How to Draw a Tent – Part 5

How to Draw a Tent – Intro

How to Draw a Tent – Part 1

How to Draw a Tent – Part 2

How to Draw a Tent – Part 3

How to Draw a Tent – Part 4

How to Draw a Tent – Part 5

Finishing Touches

Shade the Side of the Tent


We are getting close to the end! It’s time for some finishing touches.

Let’s finish up shading the side of the tent.

Outline the rectangular shape of the bottom side of the tent. This portion of the tent is darker than the top portion, so we will need to have darker shading here as well.

Shade along the lightly sketched wrinkles in the tent.

Then shade between all of these wrinkles to establish the overall color of this part of the tent. We want to make this a close match in value to what we did along this bottom part of the front. In the reference photograph, we can see that the bottom front of the rain fly cover and the bottom side are both red, and the top of the rain fly is a lighter orange. So we want those differences in value to be reflected in our drawing too!

You might also notice that I am changing the grip of my pencil here. This is not mandatory. It’s just a way I can apply more pressure to the side of my pencil lead while shading.

I’m making this front corner of the rain fly darker now. Even though I said we want this and the bottom side to be a close match in value, this front corner should still be darker, because it’s almost like a different face or plane. It’s just like a cube has six faces, and each face has a different shade based on the amount of light that is reaching it.

The side of the tent is pretty much done now. We’re just going to darken up the straps and the stakes at each corner.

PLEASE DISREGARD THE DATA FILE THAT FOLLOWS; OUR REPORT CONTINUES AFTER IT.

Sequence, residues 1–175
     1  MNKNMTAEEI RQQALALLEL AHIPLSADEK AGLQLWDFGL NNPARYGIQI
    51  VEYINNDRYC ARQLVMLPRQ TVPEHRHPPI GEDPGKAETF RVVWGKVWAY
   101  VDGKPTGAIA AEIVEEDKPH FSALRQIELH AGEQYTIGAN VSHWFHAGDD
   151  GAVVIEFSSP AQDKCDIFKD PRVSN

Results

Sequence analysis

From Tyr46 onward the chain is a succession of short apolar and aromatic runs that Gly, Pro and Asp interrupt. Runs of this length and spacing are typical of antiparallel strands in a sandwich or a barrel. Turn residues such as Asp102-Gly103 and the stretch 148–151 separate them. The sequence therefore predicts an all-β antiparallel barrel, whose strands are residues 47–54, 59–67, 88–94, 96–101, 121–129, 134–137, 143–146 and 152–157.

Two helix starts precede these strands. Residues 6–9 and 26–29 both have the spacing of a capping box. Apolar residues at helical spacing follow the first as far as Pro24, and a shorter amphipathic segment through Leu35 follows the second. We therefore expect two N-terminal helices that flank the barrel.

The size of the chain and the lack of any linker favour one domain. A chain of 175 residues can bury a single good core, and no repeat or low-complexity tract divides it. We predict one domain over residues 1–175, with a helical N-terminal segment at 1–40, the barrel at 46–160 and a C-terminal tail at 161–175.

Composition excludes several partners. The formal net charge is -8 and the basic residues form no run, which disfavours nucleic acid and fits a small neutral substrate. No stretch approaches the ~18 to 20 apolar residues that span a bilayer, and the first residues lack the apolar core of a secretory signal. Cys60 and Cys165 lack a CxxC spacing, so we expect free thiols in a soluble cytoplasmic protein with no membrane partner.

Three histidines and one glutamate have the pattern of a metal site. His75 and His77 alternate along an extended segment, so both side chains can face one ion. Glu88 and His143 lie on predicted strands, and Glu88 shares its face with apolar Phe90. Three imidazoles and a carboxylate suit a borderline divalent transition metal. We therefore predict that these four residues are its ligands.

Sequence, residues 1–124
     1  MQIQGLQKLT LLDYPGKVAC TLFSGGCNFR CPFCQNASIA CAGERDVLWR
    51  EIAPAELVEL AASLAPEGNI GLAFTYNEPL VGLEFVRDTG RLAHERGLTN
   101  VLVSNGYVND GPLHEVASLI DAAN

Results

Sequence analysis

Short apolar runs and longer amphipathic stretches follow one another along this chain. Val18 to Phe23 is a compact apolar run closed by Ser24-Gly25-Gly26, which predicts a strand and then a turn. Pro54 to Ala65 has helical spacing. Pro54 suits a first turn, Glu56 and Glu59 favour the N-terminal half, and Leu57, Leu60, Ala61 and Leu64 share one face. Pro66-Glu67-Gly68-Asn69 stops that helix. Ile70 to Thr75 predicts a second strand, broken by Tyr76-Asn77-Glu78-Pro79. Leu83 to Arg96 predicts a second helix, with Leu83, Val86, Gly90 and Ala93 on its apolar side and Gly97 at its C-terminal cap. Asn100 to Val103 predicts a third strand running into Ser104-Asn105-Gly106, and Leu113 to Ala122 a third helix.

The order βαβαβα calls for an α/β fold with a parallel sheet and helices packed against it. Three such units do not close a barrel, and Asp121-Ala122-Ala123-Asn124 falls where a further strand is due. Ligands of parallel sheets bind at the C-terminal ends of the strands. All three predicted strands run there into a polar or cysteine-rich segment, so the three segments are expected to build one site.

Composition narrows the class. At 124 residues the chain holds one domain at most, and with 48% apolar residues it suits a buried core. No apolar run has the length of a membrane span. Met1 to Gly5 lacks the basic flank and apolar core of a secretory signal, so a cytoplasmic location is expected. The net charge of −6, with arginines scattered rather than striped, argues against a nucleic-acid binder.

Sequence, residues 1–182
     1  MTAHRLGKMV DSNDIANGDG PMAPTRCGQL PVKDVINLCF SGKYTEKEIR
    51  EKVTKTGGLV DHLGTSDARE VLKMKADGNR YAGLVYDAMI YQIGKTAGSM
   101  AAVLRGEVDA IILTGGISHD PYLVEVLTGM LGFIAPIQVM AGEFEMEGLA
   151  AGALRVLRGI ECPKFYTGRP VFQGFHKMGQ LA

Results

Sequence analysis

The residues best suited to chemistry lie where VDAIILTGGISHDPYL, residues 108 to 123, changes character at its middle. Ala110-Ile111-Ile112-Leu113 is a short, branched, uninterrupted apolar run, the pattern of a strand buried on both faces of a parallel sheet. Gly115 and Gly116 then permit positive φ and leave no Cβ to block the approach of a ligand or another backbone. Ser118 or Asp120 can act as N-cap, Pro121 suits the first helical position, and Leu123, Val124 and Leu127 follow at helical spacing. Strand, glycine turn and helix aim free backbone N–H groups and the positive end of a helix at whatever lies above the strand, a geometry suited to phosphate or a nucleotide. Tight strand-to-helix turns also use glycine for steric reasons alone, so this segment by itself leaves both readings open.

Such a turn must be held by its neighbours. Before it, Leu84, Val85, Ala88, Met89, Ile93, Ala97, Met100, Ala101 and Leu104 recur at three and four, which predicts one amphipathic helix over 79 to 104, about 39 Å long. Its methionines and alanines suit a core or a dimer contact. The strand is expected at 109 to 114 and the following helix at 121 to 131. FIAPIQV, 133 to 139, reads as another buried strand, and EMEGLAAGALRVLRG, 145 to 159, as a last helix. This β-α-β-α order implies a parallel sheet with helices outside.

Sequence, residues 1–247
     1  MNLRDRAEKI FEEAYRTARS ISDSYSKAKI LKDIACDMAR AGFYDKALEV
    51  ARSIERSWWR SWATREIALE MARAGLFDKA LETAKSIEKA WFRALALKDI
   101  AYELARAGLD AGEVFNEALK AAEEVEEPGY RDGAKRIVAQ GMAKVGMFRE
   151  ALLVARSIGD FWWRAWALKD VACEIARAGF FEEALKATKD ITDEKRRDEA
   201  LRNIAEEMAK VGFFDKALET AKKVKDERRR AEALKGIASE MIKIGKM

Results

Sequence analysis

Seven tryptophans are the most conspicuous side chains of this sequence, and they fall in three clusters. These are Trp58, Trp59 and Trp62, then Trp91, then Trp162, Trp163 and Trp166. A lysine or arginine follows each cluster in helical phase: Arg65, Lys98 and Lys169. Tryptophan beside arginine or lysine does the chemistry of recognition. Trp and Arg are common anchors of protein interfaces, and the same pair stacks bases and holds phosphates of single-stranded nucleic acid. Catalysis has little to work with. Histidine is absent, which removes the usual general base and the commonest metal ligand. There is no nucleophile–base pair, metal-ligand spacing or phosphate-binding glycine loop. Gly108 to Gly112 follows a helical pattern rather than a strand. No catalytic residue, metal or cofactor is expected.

Add Darker Tones Where Needed


Next, we will apply a few darker tones in some spots.

Switching back to the 4B pencil, darken up some of the shadows where the rain fly meets the inner tent and where the wrinkles on the lower dark gray area meet the lower part of the tent’s mesh door.

Apply a moderate amount of pressure with your 4B pencil to make a thin shadow along the bottom edge of the tent. This will be the shadow that the tent is casting upon the grass under it.

I’m also taking a look at the overall drawing and shading areas that might need more contrast between the darker and lighter areas. If you want an object or surface of lighter value to stand out and be more obvious, a good way to do that is to make the object or surface next to it a darker value.

Draw Grass Around the Tent


Now let’s switch back to the 2B pencil for the final step – drawing grass around the tent.

Begin by using the tip of the pencil to draw a few individual blades of grass.

Use short strokes and randomly alternate between curving to the left and curving to the right.

Sketch some blades overlapping the tent and others that are fully below the tent.

Using the same general up and down motion, begin shading the blades of grass and the ground area with the side of your pencil lead. You can give the illusion of grass without drawing each and every blade of grass.

And that is how you draw a tent!

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